CCT210 Midterm Answers

4 Pages
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Department
Communication, Culture and Technology
Course Code
CCT210H5
Professor
Elizabeth Peden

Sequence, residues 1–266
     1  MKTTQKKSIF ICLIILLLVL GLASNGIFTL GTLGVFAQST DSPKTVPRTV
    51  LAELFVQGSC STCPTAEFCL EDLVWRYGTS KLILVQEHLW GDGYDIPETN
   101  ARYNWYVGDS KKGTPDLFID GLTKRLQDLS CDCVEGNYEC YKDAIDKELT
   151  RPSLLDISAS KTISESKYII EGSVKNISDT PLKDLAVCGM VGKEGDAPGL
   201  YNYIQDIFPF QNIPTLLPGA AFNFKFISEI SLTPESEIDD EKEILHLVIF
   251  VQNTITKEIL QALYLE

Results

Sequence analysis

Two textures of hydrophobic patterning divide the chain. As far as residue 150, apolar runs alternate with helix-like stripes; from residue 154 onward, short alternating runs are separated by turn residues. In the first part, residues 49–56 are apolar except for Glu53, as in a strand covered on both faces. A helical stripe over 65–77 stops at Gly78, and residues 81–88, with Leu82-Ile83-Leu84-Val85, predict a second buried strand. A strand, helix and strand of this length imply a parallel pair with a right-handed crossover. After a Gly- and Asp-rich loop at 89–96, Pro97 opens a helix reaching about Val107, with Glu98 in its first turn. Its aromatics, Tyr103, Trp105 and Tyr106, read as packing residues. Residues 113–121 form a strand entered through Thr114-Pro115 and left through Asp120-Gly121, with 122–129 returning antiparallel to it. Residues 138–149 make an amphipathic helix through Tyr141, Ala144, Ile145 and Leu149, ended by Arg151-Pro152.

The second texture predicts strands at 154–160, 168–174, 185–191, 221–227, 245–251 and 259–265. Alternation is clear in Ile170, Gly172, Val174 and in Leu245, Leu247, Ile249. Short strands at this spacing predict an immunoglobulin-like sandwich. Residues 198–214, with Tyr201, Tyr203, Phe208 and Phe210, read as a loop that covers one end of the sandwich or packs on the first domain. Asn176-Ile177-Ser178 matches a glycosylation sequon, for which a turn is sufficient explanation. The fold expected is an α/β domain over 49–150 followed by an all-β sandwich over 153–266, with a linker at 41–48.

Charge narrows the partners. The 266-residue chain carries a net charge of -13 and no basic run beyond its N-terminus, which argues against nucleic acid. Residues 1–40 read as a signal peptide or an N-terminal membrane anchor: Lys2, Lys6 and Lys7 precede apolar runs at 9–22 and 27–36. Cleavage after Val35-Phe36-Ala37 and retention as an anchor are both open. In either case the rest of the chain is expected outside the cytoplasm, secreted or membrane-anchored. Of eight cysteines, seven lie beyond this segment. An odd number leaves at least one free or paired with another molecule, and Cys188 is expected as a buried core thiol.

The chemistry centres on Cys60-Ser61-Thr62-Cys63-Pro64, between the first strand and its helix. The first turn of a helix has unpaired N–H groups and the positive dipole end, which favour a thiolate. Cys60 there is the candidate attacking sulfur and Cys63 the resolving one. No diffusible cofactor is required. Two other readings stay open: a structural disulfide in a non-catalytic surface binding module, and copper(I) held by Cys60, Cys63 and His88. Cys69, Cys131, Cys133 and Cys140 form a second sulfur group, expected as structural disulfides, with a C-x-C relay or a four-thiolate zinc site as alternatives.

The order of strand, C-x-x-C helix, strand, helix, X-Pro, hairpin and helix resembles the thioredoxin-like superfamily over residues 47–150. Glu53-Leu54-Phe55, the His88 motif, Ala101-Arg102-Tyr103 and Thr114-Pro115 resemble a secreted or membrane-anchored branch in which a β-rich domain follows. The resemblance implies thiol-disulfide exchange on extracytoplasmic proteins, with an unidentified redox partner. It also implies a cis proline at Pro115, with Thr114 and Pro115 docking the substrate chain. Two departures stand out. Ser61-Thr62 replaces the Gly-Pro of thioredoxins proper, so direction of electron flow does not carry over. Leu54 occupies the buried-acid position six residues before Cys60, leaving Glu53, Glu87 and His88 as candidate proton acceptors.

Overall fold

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Asém Harun CCT210 Midterm Review Part I: Short Definitions Binary oppositions - A pair of related terms or concepts that are opposite in meaning. Binary opposition is the means by which the units of language have value or meaning; each unit is defined in reciprocal determination with another term, as in binary code. Saussure demonstrated that a sign's meaning is derived from its context and the group to which it belongs. Ex. We know the sign of being ‘good’ because we understand the concept of ‘evil’. Modality judgment - Drawing on their knowledge of the world and of the medium. Modality judgments involve comparisons of textual representations with models drawn from the everyday world and with models based on the genre; they are therefore obviously dependent on relevant experience of both the world and the medium. Polysemy/Polysemic - Polysemy is the capacity for a sign(s) to have multiple related meanings. Multiple meanings may often be unrelated. Those who reject textual determinism and emphasize the 'polysemic' nature of texts - their plurality of meanings. Ex. Crane (a bird, a construction equipment, straining ones neck), Man (human species, male of the human species, adult version of a boy) Projection - A defense mechanism in which a person unconsciously rejects his or her own unacceptable attributes by ascribing them to objects or persons in the outside world. For example, a person who is rude may accuse other people of being rude. Also used by audience when watching films, project a fictional version of themselves unto a film/game. Mediagenic moments - Having qualities or characteristics that are especially appealing or attractive when presented in the mass media. Tending to convey a favorable impression when reported by the media. Often subjects thought of by the news media as an attractive subject. (ex. Murders/robberies?) Asém Harun CCT210 Midterm Review Part II: Short Answer 1. At around the same time Saussure was formulating his model of the sign, Charles Sanders Peirce formulated his own model of the sign. Discuss the two models, giving examples for each, and explaining both their similarities and how they differ. Saussure believed that determining a sign consisted of a two part model. He states that a sign is composed both of a signifier and a signified. The signifier is the form which a sign takes and the signified is the concept it represents. Saussure states that both the signifier and signified is what defines the sign itself. Saussure also states that the value of a sign is determined by the relationships between a sign and other signs within the system. He also believes that a signifier and signified doesn’t necessarily have to relate. (Ex. Open, signifier is the word open, signified is the concept that a store is open for customers). Like Saussure, Pierce’s theory contains a signifier and signified but he adds one more concept. Pierce’s three part model is the representamen (signifier, doesn’t have to be tangible), interpretant (signified), and an object to which the sign refers to. Pierce also believes that the relationship between a signifier and signified must be learnt. (ex. A traffic light, representamen is the red light facing traffic, interpretant is that red light means vehicles must stop, vehicles stopping are the object). Pierce believed anything that is ‘knowable’ could be a sign, whereas Saussure focused only on linguistic aspects. 3. With reference to O’Shaugnessy and Stadler, discuss how both audiences and producers of texts rely on semiotics (signs, codes, myths, metaphors, etc.) when encoding and decoding texts. - decoding a text is to make sense of it regardless of it having actual writing - impossible to make full sense of a text in isolation (audience often need pre-existing knowledge (codes) when watching certain movies) - Audience could understand text better by finding out the motivations of those involved in a certain production (what was the reason they made this) - The concept of when and where the text is being read is important (Space and Time) o Whether particular advertisement appears in a teenage magazine or men’s soft porn magazine o Whether ads in a newspaper which are read in the morning or during movies which are usually watched during the evening. - Concept of direct effects (media transmits powerful messages to audience members who are strongly affected by it. Also cultivation (media gives long term exposure to audiences attitudes and beliefs through persistent messages/images) - Concept of projection. Audience sees aspects of themselves which they aren’t really aware of. Audience project themselves unto a fictional world etc. - Media meanings are dependent on text, context and its audience 5. Explain ho
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